When you ask about the physical meaning or significance of such short length scales, that's where it gets contentious. I'll try to summarise the range of views on this, but I'll probably fudge or simplify a few details:

  • String theory says spacetime is infinitely divisible, but particles have a size $\sim\ell_P$. They therefore have worldsheets instead of worldlines, which smears Feynman diagram vertices as thus. This smearing removes the troublesome infinities from the treatment of gravity.
  • Loop quantum gravity, in a sense, says the opposite: particles aren't posited to have size, but spacetime is quantised. Particles live at distinct lattice points. The area and volume of an object have operators in the Hilbert space, and these operators have discrete eigenvalues $\sim\ell l_P^{2\,\mathrm{or}\,3}$.
  • There have been attempts to combine ST with LQG (motivated by their respective pros and cons and their obtaining similar results from very different precepts, e.g. logarithmic corrections to the Hawking-Bekenstein entropy of black holes), but these are in their infancy. For now, it suffices to say such a union would introduce both deviations from the "point particles in infinitely divisible spacetime" idea that causes SM+GR problems.
  • Another proposal is that $[\hat{x}_\mu,\,\hat{x}_\nu]=i\ell_P^2 \theta_{\mu\nu}$ is a non-vanishing antisymmetric tensor. This is far from developing into a full theory of quantum gravity, but it's an idea that's been explored in such attempts. Just as quantum mechanics says $[\hat{x}_j,\,\hat{p}_k]=i\hbar\delta_{jk}$ without the eigenvalues becoming discrete, the above use of noncommutative geometry requires only that $\sigma_{x_\mu}\sigma_{x_\nu}\ge\frac{1}{2}\ell_P^2|\theta_{\mu\nu}|$, not that eigenvalues of $x_\mu$ cannot differ by arbitrarily small fractions of $\ell_P$.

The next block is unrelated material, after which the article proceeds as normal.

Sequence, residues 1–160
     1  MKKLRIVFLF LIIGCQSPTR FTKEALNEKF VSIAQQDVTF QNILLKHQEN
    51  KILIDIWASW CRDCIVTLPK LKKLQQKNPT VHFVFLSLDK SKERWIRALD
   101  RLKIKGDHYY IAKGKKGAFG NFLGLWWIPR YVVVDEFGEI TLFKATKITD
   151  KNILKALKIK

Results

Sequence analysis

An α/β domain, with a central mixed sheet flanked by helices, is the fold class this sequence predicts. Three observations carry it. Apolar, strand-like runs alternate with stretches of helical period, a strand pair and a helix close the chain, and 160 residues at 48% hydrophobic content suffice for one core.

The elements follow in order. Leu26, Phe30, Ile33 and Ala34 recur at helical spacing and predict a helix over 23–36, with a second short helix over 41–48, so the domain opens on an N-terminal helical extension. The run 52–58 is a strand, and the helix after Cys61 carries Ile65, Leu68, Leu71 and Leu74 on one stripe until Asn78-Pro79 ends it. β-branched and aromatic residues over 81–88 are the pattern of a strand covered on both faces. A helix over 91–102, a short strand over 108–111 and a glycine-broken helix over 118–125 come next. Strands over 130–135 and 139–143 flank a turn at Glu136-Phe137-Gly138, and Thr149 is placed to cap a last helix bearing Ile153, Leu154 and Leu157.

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  • $\begingroup$ The last point is new to me. Could you guide me to somewhere or could you expand on the point so that I can see more about it? $\endgroup$ – Yuzuriha Inori Apr 7 '18 at 14:22
  • $\begingroup$ @YuzurihaInori en.wikipedia.org/wiki/… $\endgroup$ – J.G. Apr 7 '18 at 14:29
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The last point is, in fact, the correct one. Planck length is the natural length scale constructed out of all fundamental constants. The involvement of Newton's and Planck's constant along with speed of light ensure the existence of quantum gravity at that length scale. However, your last argument is not correct. This is because the Planck length itself is not a hard limit after which quantum gravity takes over. The right way to say is that Quantum gravitational effects take over at length scale of the order of Planck length. This could be 3 times the Planck length and so on or more precisely $\mathcal{O}(10^{-33})$. At this length scale, the curvature will be of $\mathcal{O}\left(\frac{1}{l_p^2}\right)$, which will be a singular state and can't be explained by classical general relativity.